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Why intangible assets matter for every agrifood startup

People will only pay for what they cannot steal, according to EverEdge Managing Director, Michael Masterson who shares a wealth of experience in valuing intangible assets and helping businesses, like Rhino-Rack and infant formula and milk company Beta A2 – find their ‘secret sauce’ and how to keep it safe.

EverEdge Managing Director, Michael Masterson, talks about the reality of intangible asset theft – it happens all the time – and Rhino-Rack’s Chief Intangible Assets Officer, Ernesto Fernando explains how to value your ‘secret sauce’ in evokeAG. and EverEdge’s collaborative four-part webinar series, Intangible Matters.

According to Michael, the most valuable intangible assets are not what one might think and that most of the clients EverEdge has dealt with weren’t previously aware of them. “Of 2,000 clients that we’ve worked with, only one of them had intangible assets on the risk register.”

“A lot of people think it would be things like patents when actually, patents are well down the list. One of the most valuable assets inside a manufacturing business, for example, is often the bill of materials. It is like the map to where all the treasure is buried inside the business. It tells someone wanting to acquire or steal those assets, either legally or non-legally, where to find your input costs, supplier information, etc.”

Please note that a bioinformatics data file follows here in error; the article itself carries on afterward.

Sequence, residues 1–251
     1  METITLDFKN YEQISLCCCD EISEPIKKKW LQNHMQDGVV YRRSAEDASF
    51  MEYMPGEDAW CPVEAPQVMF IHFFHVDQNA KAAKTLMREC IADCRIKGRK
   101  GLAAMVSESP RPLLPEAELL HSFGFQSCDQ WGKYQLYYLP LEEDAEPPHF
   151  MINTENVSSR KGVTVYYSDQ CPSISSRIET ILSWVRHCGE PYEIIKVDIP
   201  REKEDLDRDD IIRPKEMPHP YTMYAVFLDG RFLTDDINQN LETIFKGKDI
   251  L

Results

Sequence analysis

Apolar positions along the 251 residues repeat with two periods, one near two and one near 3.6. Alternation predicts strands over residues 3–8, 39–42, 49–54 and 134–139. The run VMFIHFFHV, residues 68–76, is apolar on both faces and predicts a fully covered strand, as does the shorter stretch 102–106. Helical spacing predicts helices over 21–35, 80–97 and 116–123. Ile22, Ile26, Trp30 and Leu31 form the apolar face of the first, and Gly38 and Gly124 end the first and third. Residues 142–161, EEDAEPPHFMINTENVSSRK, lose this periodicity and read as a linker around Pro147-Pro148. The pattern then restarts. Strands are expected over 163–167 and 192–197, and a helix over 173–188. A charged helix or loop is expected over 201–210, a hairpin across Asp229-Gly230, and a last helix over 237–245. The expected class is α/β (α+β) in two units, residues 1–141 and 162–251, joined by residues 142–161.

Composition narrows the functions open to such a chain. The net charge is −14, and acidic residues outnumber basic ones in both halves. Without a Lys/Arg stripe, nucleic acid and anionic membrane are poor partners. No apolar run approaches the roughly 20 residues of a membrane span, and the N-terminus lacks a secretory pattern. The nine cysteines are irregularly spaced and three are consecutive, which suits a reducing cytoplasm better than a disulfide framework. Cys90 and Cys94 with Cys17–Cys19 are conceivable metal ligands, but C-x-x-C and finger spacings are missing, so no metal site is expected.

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Five types of intangible asset risk

After differentiating between ‘good’ risk and ‘bad’ risk, or opportunity and distress, Michael enumerated the different types of intangible asset risk. “Companies leak, not just a little bit, like a fire hydrant. And 80% of companies cannot prove they own their own assets, i.e., tangibles are recorded on the balance sheet but intangibles are not and they are often developed with partners, external contractors etc.”

Continuing the theme of unforeseen risks, Michael discussed the risks around open-source software. “Who owns the code, you or the original developer? It all comes down to what the license agreement says. It is also the easiest way to get backdoor Trojans into code bases, we saw this with the Sony rootkit hack. Lastly, toxic license terms. With some open-source software, you can use it as long as you are not generating a profit but when you start to generate a profit, the original owner can end up owning your entire codebase.”

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Michael added that brand risk was an ever-increasing issue. “Almost every second day we’re dealing with some sort of trademark issue. There are two kinds of trademark, there is a logo mark and what is called a wordmark, it is the word like what your company is actually called, and how you describe that company. Wordmarks are typically much more valuable than the logo mark and in particular, early-stage startups only have the logo, they don’t have the word.”